‘For some people, that’s a lot, and for others, it’s a little,’ Liz says. ‘But for me, the goal is to keep moving in the direction of my values. Over the years, I’ve tried to distil what makes a person interesting to me, and I think it’s their head-to-toe commitment to whatever they are wearing,’ Liz says.

‘Documentary street fashion holds the same ideals as other documentary photography,’ Liz says. ‘It’s a historical record of a particular time, place, or thing — the street style element adds a fashion focus.’

Fashion (and the industry as a whole) often gets dismissed as superficial, consumerist, and vain. And it can be all of those things. But Liz’s work isn’t just about showing what’s trending, or about getting people to buy things. She’s exploring ‘the fabric of a city’ in the fabric of what we wear and why, because our clothes have plenty of stories to tell.

Below, take a look at a day in her life, juggling work and her two kids, with the help of her husband Dean — who she calls a ‘superhero dad’ reminiscent of Bandit from Bluey!

First Thing

I normally wake up between 6:30 and 7.00am. Honestly, the first thing I do in the morning is check my phone, a habit I’m working on breaking. I’m a bit of a morning person, but it purely depends on sleep. With eight hours, I’m up and happy to start my day. On anything less (six is more typical at the moment) I snooze and roll over before dragging myself out of bed and washing my face.

My morning ritual is to make a matcha and eat homemade seed toast. Then I try to get to pilates a few times a week and kid drop-offs, unless I’m on a photographic work schedule, and then I’m at the mercy of the job requirements.


I’m always working by 9.00am, our office is on the bottom level of our home, so I’ll often go for a walk before I start, allowing for the physiological switch. I’ll only ever spend a whole day in the office though if I’m working to a hard deadline and my assistants need me.

The first few tasks of the day are really varied, but usually it’s getting through some emails or journaling. I typically prefer to finish any image editing on the same day, and I will often stay up late if I need to.


Lunch isn’t really my favourite meal of the day, so I normally eat a very basic, healthy lunch. Think avocado tacos with sauerkraut or soft-boiled eggs with salad, or Greek salad — a very uninspired lineup.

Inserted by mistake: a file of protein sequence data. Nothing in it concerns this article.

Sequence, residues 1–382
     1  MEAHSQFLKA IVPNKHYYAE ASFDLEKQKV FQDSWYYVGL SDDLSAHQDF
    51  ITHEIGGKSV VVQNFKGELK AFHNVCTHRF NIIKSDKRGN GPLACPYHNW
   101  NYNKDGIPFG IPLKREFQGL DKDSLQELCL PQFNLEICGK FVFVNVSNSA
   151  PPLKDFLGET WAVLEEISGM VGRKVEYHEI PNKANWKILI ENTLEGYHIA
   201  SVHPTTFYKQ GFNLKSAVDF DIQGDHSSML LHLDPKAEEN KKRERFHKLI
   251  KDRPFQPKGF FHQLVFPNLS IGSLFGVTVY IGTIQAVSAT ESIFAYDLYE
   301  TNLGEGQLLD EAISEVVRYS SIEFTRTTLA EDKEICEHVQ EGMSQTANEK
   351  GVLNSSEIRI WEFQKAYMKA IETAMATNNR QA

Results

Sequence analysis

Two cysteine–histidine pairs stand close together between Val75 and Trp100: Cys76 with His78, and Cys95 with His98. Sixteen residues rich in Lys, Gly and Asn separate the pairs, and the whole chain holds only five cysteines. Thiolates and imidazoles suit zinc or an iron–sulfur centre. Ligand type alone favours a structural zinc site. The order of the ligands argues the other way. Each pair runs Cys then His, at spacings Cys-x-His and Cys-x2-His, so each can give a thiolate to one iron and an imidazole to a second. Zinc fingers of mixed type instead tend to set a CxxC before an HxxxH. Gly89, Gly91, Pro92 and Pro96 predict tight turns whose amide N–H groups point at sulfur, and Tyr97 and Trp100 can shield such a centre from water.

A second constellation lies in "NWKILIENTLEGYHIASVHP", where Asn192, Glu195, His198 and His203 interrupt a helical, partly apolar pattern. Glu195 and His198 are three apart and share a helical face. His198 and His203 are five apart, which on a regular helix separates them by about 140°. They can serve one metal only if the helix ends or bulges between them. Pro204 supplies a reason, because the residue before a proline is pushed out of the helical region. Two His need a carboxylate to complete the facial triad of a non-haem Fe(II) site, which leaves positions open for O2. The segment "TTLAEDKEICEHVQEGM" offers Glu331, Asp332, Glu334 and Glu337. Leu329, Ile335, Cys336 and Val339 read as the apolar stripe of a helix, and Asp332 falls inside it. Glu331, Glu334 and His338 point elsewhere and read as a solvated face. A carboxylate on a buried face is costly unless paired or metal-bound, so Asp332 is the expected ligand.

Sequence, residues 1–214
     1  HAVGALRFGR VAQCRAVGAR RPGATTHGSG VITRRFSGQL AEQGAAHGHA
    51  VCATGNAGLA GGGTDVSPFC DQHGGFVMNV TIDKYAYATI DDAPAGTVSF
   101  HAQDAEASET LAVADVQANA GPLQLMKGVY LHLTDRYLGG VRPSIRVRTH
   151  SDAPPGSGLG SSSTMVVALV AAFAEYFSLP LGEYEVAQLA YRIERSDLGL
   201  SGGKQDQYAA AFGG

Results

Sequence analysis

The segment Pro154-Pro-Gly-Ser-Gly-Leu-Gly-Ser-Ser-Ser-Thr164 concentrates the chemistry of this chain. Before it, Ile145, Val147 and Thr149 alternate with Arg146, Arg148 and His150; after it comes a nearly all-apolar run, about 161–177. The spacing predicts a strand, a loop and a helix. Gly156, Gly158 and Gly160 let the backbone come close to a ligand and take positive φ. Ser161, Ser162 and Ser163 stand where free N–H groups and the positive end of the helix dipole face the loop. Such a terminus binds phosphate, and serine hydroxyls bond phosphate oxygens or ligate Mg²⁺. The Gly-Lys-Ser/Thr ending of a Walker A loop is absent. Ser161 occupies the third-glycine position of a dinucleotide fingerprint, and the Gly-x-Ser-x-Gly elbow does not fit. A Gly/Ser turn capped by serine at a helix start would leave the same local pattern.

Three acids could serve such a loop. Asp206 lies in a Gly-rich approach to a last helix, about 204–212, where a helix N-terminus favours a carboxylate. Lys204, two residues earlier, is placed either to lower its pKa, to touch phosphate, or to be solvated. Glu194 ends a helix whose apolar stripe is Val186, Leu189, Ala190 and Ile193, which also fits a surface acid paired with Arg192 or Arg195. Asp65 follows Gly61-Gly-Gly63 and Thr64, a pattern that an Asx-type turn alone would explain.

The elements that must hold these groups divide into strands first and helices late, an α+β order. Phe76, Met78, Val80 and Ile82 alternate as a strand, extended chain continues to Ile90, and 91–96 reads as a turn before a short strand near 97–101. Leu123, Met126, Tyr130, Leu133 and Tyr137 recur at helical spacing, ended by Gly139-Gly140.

My afternoon schedule really depends on the day. If we’re shooting, it might be that, or packing equipment for a night event, reviewing or retouching images from the morning, working towards bigger research projects, meetings with clients, meetings internally, and sometimes posting on social, the list goes on.

I also have many different kits depending on the outcome I want for the job. Professionally, I shoot a 5D Mark 4 Canon mirrorless, and my preferred lens is a 24-70. I am also obsessed with my new Fujifilm T3. I have a few phones, a new film camera and I also love a Profoto B10.

I often get my energy from other people or particular projects, so I’m usually energetic in the afternoon, but also can be at any time of day, which is a little concerning at midnight or 1 am!


I tend to finish work anytime between 5.00pm and 2.00am. Last night it was 11 pm, tonight it will be 5.00pm.

We sit to eat for dinner as a family. Poppy (who is four) is our biggest limitation when it comes to food, so we are constantly trying to make things more interesting for us and keep her happy. Our dinners are mostly vegetarian, and we love to aim for thirty different vegetables a week with kids – but it rarely happens.

Then to unwind, I’ll read, write, drink orange wine with friends or crochet – a newfound hobby this winter! But to really switch off, I love going camping or to my parent’s home which is a farm in the middle of nowhere.

Last Thing:

Ideally I aim to get to sleep about 10.00 pm, but its more likely midnight. If I were asleep at my bedtime and woke up at 6.00 am every day, I’d be a happy, focused person!

Right now I’m listening to, watching, and reading…

Reading: Indistractable’ by Nir Eyal. I’m a notorious task switcher.

Watching: ‘Coronation Tailors: Fit For A King.’ I didn’t watch the coronation but I loved seeing the people behind the uniforms worn.

‘Cradle to Cradle’ by Michael Braggart and William McDonough. It’s about the cradle-to-grave product model and an alternative way of thinking.

I get my best work done when… I think about my intentions in advance.

My productivity tool/tip is… flight mode.

A philosophy I live and work by is… follow your curiosity.